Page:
Once contractors understand what zoning systems can offer homeowners, they have to address each specific homeowner’s needs. They also have to know what point to hit on, and how to explain zoning systems in a way that homeowners understand.

What might be useful is offering customers some sort of demonstration.

“We've developed tools for our contractors like an explainer video that's dedicated externally to homeowners,” Barton said. “We have our contractor site … but we also have a site that is dedicated to really just trying to educate homeowners on things like what zoning is, how it impacts their house, and what the installation looks like.”

Really, the biggest thing a contractor has to do to sell zoning is start a conversation.

The younger Foster said that during one ZoneFirst training session, a technician had a great idea about how to start a conversation with a homeowner regarding a potential zoning system, which he called the “Golden Ticket Rule,” and involved a series of questions.

“Those questions were: ‘If I could talk to you about how to conserve energy, or if I could tell you how you can be more comfortable in your house, or if I could tell you how you could extend the lifetime of your [HVAC] equipment, would you like me to talk to you about those things?’” the younger Foster said.

Telling customers about their alternatives might be a little time-consuming, and it might take a little extra effort from a contractor, but broaching the topic of a new zoning install —even when it seems like there is no time to do so — is easier when a contractor knows how to do so.

“It’s those simple questions that can be asked by the techs when they're in the house that could really make zoning (which we think should be) a much larger part of the market,” the younger Foster said.

Introducing technicians themselves to zoning systems is another thing that needs the right approach. After all, they are the ones installing and ultimately selling it.

Zoning System.

TECH TIP: When it comes to installing a zoning system, it’s important for technicians not to overcomplicate it. (Courtesy of EWC Controls)

“We tell all of the dealers that we talk to that we're not introducing anything that they don't already know,” Reilly said. “So the basic tip for us is: Don't overcomplicate it, don't overthink it. It's a very simple system that you're already familiar with; the industry standards are the same. It's just a couple of additional wires that are going to increase the homeowner’s comfort and energy saving.”

Another approach is to have zoning equipment installed in the technician’s homes themselves — maybe even doing it for free.

“Some of them become your biggest fans and supports of [zoning] systems, because once they have it in their home, and they see how it work, and they've gone through the process … it changes how they talk to their customers,” Barton said.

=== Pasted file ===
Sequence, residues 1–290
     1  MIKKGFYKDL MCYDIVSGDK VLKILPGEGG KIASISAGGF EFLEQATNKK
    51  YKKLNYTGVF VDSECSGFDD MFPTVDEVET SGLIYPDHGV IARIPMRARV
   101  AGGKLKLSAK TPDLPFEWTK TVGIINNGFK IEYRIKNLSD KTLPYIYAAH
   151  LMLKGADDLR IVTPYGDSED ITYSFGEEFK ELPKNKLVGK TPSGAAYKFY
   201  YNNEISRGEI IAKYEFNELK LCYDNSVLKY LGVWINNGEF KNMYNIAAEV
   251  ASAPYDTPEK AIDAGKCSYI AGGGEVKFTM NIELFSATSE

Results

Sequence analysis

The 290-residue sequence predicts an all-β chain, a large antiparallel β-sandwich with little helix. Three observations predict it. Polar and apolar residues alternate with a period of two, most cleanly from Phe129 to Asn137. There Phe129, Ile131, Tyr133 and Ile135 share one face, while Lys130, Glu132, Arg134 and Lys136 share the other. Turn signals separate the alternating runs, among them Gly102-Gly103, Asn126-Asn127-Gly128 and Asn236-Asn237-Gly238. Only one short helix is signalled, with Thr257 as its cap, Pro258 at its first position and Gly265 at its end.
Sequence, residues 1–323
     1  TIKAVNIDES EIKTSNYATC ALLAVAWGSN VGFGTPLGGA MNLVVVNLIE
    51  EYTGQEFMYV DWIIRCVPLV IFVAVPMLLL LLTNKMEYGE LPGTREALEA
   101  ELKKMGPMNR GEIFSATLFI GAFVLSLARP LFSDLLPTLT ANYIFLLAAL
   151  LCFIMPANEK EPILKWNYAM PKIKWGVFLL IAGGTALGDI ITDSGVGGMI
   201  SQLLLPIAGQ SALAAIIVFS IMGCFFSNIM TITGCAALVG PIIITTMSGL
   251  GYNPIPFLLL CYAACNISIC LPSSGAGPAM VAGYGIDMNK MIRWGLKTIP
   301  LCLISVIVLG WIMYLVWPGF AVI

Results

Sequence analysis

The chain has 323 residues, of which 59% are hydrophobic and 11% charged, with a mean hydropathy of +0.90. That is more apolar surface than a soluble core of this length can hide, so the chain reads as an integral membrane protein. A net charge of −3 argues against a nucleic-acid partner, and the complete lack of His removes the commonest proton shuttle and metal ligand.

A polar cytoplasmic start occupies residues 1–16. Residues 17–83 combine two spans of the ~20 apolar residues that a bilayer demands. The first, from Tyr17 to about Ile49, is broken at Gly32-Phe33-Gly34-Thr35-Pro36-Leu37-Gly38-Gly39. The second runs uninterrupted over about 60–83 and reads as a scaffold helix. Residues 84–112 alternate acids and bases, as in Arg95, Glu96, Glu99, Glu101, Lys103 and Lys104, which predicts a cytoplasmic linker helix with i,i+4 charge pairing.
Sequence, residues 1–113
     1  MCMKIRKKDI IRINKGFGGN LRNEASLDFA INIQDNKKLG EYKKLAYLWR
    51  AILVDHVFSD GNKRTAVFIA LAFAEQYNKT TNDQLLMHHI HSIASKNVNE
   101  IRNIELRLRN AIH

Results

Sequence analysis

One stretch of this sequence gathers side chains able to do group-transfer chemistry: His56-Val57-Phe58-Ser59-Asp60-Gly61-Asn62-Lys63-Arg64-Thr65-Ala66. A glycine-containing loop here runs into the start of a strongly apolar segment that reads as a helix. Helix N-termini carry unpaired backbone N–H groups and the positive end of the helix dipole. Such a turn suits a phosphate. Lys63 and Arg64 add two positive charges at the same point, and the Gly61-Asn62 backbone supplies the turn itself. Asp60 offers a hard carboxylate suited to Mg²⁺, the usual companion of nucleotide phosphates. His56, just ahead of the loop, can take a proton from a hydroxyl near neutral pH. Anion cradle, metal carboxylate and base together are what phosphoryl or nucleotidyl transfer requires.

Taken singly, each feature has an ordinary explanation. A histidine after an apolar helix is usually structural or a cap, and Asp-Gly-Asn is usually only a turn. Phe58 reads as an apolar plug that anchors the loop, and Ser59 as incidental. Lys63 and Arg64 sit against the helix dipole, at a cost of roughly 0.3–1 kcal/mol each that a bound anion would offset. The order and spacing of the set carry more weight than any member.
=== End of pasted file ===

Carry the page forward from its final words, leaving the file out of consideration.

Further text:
Oftentimes, those technicians go from questions why zoning systems even exist, to, basically, “How did I ever live without this?”

“And that speaks volumes to their customer, because if your contractor installed this very [zoning] system in their own home, it must be good, right?” Barton said.


Install Tips

The first step to a successful zoning installation is, obviously, selling it to the homeowner. After that, the install should be pretty simple. What that zoning system is doing is taking that one thermostat and wiring it into the zone panel, and then from the zone panel, wiring it to the air handler, Reilly said.

The biggest challenge that comes along with zoning has to do with how the house was constructed — or, more specifically, what kind of ductwork it’s working with and how accessible it is.

“If the ductwork is accessible in the basement, rather than in the attic where everything is these days, zoning is very easy to install,” the elder Foster said. “So it really comes down to the existing home, how easy is the ductwork to get at, and then how easy it is to service that wire.”

“In an area where the ductwork is concealed, it can be challenging to install a zoning system,” Barton said. “Here at Arzel, we do have some products specifically designed for inaccessible ductwork. While there is not a solution 100% of the time, it does open up a lot of opportunities for contractors.”

If the circumstances are not ideal for a zoning system install, a contractor could at that point decide to walk away from the job. However, while there are challenges to zoning systems, there are always ways to educate contractors and homeowners on how to overcome them.

“The biggest challenge is the airflow … In a retrofit application, that duct system already present in the home may not lend itself to easily to be zoned, but there are ways that we can educate the [contractor] on how to go in on retrofit application, and modify that ductwork to accommodate the zoning system,” Barton said.